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'Cobra' offers high speed future

10 Aug 2007

ONE OF THE promises that Néstor Kirchner made during his successful campaign for Argentina's 2003 presidential election was to restore long-distance passenger services to those communities which had lost them back in the 1990s, leaving them at the mercy of unmetalled roads which become impassable in wet weather.

Almost four years later, this promise has been only partially fulfilled, with the passenger train making a timid return on routes from Buenos Aires to Córdoba, Tucumán and Posadas. Running once a week, these services are slow due to the poor condition of track maintained by the freight concessionaires whose own services enjoy priority, but they are well-patronised as the fares are cheap.

The provinces of Río Negro and Chaco operate their own passenger services, but the former has been unable to reach Buenos Aires, missing out on an important potential market. The province of Buenos Aires created Ferrobaires to run its own trains and had the pick of the national fleet, but it is now facing an acute shortage of serviceable traction and rolling stock.

At the start of operations Ferrobaires was operating 10 well-filled daily return trips between Buenos Aires and the resort of Mar del Plata during the summer peak, covering the 400 km in 4 h 45 min, but last summer track conditions meant that only three very unreliable services were operating each day, taking over 6 h to reach their destination.

Traffic on other routes has also fallen and now the province is seeking to transfer its services to the federal government. This would permit the construction of a high speed line between Buenos Aires and Mar del Plata or at least an upgrade of the existing route for 160 km/h operation, in which the federal government has already expressed interest.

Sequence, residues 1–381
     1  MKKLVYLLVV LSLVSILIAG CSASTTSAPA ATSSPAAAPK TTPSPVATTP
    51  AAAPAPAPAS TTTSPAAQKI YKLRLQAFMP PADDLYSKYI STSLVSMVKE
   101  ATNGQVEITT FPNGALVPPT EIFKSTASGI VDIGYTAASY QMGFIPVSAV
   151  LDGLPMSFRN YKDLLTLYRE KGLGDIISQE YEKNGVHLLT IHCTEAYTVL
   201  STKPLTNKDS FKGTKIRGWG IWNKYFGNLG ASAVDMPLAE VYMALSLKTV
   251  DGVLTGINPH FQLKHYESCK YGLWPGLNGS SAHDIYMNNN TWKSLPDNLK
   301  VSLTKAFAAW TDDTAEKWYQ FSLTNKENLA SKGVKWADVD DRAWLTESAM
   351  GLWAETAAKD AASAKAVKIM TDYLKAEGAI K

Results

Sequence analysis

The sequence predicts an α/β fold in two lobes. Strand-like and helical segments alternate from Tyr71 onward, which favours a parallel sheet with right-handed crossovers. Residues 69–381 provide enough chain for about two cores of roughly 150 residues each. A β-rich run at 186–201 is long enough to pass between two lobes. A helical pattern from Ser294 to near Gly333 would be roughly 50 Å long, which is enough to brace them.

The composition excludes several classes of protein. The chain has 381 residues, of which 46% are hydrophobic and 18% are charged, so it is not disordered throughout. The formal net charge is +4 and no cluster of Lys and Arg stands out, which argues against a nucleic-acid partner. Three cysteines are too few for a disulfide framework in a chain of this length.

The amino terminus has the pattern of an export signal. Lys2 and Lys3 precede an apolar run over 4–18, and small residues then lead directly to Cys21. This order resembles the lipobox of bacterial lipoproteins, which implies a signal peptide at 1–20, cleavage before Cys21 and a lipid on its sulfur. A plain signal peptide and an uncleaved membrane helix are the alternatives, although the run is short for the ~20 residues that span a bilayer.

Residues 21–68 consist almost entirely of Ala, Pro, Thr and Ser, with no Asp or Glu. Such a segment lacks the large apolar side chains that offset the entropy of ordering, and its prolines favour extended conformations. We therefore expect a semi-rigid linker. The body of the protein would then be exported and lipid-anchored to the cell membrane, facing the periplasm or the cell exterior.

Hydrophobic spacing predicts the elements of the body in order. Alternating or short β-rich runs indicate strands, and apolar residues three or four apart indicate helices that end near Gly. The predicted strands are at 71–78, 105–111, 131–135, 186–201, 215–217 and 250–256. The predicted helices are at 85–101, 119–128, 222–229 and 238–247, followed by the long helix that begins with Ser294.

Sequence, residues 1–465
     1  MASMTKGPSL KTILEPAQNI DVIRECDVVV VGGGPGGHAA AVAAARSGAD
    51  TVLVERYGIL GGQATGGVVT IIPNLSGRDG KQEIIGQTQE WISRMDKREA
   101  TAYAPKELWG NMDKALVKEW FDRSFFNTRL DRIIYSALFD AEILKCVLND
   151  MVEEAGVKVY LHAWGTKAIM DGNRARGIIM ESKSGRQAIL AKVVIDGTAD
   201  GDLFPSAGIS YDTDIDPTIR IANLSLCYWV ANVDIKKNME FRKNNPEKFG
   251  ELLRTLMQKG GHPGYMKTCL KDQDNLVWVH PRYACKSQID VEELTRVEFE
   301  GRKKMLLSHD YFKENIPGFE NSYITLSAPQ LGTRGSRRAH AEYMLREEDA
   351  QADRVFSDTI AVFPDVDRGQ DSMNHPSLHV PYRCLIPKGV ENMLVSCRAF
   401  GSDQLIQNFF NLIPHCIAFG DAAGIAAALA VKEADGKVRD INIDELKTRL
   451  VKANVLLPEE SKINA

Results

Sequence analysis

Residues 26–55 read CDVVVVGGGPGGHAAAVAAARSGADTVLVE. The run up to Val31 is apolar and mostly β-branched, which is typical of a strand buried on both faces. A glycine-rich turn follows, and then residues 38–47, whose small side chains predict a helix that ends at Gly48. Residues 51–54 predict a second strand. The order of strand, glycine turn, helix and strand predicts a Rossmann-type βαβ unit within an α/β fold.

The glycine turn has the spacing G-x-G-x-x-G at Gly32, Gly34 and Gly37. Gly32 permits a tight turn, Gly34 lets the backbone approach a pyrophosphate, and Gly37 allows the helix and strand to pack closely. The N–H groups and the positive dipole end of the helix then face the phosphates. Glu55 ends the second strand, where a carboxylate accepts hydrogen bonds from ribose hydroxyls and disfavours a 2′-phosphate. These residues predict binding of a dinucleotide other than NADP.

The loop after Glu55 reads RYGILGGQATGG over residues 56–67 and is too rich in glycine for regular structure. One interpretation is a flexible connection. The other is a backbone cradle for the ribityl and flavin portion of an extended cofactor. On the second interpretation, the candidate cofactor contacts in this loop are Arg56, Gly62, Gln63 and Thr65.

But it is elsewhere that high speed with trains operating at up to 320 km/h is set to make its debut in Argentina and the Americas. At the end of 2006 the federal government called for bids to construct a new line between Buenos Aires and Córdoba, and received expressions of interest from consortia including Alstom, Siemens and CAF. However, when technical and financial bids were due last March only one consortium came forward, and on June 20 the Veloxia grouping of Alstom, Isolux Corsan, Iecsa and Emepa was selected as preferred bidder.

The 710 km route will start at a new station to be built between the TBA and Ferrovías stations at Retiro in Buenos Aires, follow the Ferrovías alignment to Pilar and then run towards San Nicolás, where the ex-Mitre station will be refurbished. From there, the line will reach Rosario Oeste, where a new station will be built, and then follow the Nuevo Central Argentino alignment with stops at Marcos Juárez, Belle Ville and Villa María. The line will end at the old Mitre station in the centre of Córdoba. All platforms will be 400 m long to accommodate two eight-car trains running in multiple.

The cost of the project is US$1·32bn (RG 6.07 p335) and French bank Société Générale has indicated that it is willing to provide up to 80% of this amount, although the call for tenders sought only a 50% contribution from the winning consortium. The balance was to be provided by the government from the sale of disused railway assets.

At the start of service, it is planned that nine daily return trips will reach Rosario on the double-track route, while four trains a day will run to Córdoba on a new single-track alignment. Alstom is to provide eight double-deck TGVs, branded 'Cobra', each seating 509 passengers in premium (35%) and tourist (65%) class. Equipped with ETCS Level 2 signalling, the new line should provide a Buenos Aires - Rosario journey time of 85 min, with Córdoba reached 90 min later.

The government expected to sign a contract in July or August so that work could start in September. The first trains would begin running with fare-paying passengers 36 months later. If all goes to plan, Argentina will enter the high speed club before it celebrates its bicentenary in 2010. However, this will not solve the problem of the many small towns that remain isolated by their lack of passenger rail services.